“Finally, President-Elect Trump should accept the Paris treaty on climate to buy some goodwill overseas. It doesn’t really amount to much anyway, let it go.”

Well, the thing is, it does actually amount to a lot.

Here’s a confusing screenshot, because this action item appears under the heading “What President Obama Failed to Do,” when President Obama did, in fact, succeed in accepting the Paris Agreement.

On Thursday morning, a coalition of 365 major companies and investors submitted a plea to Trump to please, come on, just support the goddamn Paris Agreement, because to do otherwise would be a disastrous blow to the United States’ economic competitiveness. The list includes Starbucks (the nerve!!!!), eBay, Kellogg, and Virgin.

Anyway, Trump’s whole “refusing to acknowledge climate change” thing seems like a bad look.

See the original article here:  

Um, where did all of the Arctic and Antarctic sea ice just go?

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A woman who fought predatory oil and gas leasing on Native lands got the Presidential Medal of Honor.

Many have agreed that President-elect Donald Trump has some questionable ideas when it comes to climate policy. Today, we get to add anthropomorphized gym sock O’Reilly and known cup goblin Starbucks to that list!

On Wednesday’s episode of The O’Reilly Factor, he advised Trump on a number of items to consider as he prepares to take office. On this list:

“Finally, President-Elect Trump should accept the Paris treaty on climate to buy some goodwill overseas. It doesn’t really amount to much anyway, let it go.”

Well, the thing is, it does actually amount to a lot.

Here’s a confusing screenshot, because this action item appears under the heading “What President Obama Failed to Do,” when President Obama did, in fact, succeed in accepting the Paris Agreement.

On Thursday morning, a coalition of 365 major companies and investors submitted a plea to Trump to please, come on, just support the goddamn Paris Agreement, because to do otherwise would be a disastrous blow to the United States’ economic competitiveness. The list includes Starbucks (the nerve!!!!), eBay, Kellogg, and Virgin.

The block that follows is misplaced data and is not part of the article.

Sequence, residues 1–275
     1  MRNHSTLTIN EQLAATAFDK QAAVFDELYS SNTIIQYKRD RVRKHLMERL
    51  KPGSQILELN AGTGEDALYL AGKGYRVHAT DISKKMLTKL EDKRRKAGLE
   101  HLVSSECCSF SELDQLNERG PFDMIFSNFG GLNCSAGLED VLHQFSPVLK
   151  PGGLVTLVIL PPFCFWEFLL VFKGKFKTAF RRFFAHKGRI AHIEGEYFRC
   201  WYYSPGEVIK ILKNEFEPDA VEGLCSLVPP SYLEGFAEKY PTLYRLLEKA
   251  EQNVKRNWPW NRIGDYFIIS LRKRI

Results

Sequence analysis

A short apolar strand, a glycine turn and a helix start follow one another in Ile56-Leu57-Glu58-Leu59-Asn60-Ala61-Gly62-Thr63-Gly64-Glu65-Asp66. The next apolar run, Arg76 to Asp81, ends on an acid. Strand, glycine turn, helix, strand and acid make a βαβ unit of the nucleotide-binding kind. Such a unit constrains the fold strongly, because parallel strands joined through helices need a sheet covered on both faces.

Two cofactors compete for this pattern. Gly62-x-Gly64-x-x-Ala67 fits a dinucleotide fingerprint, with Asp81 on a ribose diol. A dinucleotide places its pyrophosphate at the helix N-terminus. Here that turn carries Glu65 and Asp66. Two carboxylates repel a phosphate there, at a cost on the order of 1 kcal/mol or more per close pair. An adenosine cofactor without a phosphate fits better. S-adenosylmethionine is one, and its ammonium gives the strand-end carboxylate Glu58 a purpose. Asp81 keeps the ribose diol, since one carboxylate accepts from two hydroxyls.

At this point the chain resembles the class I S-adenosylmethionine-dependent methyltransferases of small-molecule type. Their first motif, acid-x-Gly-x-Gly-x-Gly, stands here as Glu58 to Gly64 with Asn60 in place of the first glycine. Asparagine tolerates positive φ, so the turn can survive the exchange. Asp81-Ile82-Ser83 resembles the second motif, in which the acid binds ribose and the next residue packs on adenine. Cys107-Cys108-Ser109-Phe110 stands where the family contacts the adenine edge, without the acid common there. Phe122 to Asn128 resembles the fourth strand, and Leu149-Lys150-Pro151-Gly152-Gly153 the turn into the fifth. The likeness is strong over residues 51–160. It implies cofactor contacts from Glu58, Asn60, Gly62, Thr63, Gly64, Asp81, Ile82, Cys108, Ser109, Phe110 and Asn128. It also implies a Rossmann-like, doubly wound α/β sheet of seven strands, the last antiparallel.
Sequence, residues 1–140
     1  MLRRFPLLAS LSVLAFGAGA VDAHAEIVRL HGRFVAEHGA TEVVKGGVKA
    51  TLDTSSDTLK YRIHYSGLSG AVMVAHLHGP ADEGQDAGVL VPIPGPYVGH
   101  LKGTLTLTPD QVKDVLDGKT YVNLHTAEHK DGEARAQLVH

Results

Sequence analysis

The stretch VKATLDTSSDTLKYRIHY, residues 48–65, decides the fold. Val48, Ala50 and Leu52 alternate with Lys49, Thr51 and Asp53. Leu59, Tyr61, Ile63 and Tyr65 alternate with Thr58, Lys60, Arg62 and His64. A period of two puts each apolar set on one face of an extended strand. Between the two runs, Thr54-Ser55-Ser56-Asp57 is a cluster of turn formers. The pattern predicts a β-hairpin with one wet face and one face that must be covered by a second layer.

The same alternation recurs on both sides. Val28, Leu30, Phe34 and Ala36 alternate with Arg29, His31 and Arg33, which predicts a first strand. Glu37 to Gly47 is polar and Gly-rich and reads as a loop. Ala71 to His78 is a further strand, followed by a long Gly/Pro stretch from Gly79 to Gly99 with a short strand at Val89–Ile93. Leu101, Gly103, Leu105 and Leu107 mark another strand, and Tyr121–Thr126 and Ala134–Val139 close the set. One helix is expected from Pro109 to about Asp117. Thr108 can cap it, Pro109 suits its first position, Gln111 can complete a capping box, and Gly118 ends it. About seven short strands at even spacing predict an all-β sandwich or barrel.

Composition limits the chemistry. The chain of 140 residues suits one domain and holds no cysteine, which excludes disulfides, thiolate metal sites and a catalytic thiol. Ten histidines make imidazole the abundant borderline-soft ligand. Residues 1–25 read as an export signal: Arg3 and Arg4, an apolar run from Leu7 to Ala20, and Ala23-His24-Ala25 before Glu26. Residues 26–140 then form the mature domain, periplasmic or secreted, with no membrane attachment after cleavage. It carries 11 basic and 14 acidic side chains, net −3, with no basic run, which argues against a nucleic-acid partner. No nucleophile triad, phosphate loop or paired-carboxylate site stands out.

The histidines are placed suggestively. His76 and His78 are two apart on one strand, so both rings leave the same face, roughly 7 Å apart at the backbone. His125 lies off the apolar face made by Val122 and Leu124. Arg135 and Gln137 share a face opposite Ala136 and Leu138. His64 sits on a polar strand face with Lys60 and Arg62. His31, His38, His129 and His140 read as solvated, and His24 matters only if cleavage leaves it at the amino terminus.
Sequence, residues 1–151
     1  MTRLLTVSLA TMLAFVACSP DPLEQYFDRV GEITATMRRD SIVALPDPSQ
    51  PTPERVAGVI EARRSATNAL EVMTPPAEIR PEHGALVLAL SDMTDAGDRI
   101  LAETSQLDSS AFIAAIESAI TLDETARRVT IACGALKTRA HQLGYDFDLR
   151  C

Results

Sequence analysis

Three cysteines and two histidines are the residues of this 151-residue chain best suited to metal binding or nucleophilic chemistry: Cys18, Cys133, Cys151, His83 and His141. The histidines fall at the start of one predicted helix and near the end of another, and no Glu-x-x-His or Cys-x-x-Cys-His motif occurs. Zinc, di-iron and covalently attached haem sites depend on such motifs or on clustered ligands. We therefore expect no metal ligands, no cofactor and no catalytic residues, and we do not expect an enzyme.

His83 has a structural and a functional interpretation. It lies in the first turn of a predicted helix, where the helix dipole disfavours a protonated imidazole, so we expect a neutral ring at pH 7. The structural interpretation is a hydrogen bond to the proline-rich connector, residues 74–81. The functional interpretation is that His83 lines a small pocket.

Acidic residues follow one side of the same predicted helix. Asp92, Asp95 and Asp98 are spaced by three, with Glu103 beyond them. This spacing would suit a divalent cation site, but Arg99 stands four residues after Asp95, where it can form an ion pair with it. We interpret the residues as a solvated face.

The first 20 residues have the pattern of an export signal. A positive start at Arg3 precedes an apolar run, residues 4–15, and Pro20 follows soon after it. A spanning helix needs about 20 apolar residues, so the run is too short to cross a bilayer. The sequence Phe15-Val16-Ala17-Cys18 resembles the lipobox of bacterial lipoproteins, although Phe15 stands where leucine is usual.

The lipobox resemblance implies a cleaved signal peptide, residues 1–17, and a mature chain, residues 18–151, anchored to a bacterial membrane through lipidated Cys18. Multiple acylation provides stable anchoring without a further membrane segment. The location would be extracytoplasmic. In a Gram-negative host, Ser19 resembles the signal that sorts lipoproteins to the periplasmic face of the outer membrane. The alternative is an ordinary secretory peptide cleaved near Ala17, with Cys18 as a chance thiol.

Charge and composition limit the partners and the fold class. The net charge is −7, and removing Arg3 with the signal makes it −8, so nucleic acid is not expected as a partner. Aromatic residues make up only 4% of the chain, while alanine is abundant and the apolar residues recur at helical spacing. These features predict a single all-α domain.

Anyway, Trump’s whole “refusing to acknowledge climate change” thing seems like a bad look.

Link:

A woman who fought predatory oil and gas leasing on Native lands got the Presidential Medal of Honor.

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Trump’s Racist Appeal Becomes More Explicit Every Day

Mother Jones

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I can’t believe I missed this, but I did:

During two separate discussions of Black Lives Matters protests on Tuesday, Donald Trump claimed that people have called for moments of silence for Micah Johnson, the gunman who killed five police officers in Dallas and injured nine others, without specifying who or where.

On an O’Reilly Factor segment….“I saw what they’ve said about police at various marches and rallies,” said Trump. “I’ve seen moments of silence called for for this horrible human being who shot the policemen.”

Trump repeated the claim Tuesday night, saying at a rally in Indiana, “The other night you had 11 cities potentially in a blow-up stage. Marches all over the United States—and tough marches. Anger. Hatred. Hatred! Started by a maniac! And some people ask for a moment of silence for him. For the killer!”

Josh Marshall:

This isn’t getting a lot of attention. But it should….There is no evidence this ever happened. Searches of the web and social media showed no evidence. Even Trump’s campaign co-chair said today that he can’t come up with any evidence that it happened.

….A would-be strong man, an authoritarian personality, isn’t just against disorder and violence. They need disorder and violence. That is their raison d’etre, it is the problem that they are purportedly there to solve. The point bears repeating: authoritarian figures require violence and disorder. Look at the language. “11 cities potentially in a blow up stage” … “Anger. Hatred. Hatred! Started by a maniac!” … “And some people ask for a moment of silence for him. For the killer.”

Trump’s explicit race baiting has been so normalized by now that we hardly notice this stuff. This kind of talk from a major-party candidate for president should be front-page news everywhere. Instead, it warrants a few words in various campaign roundups.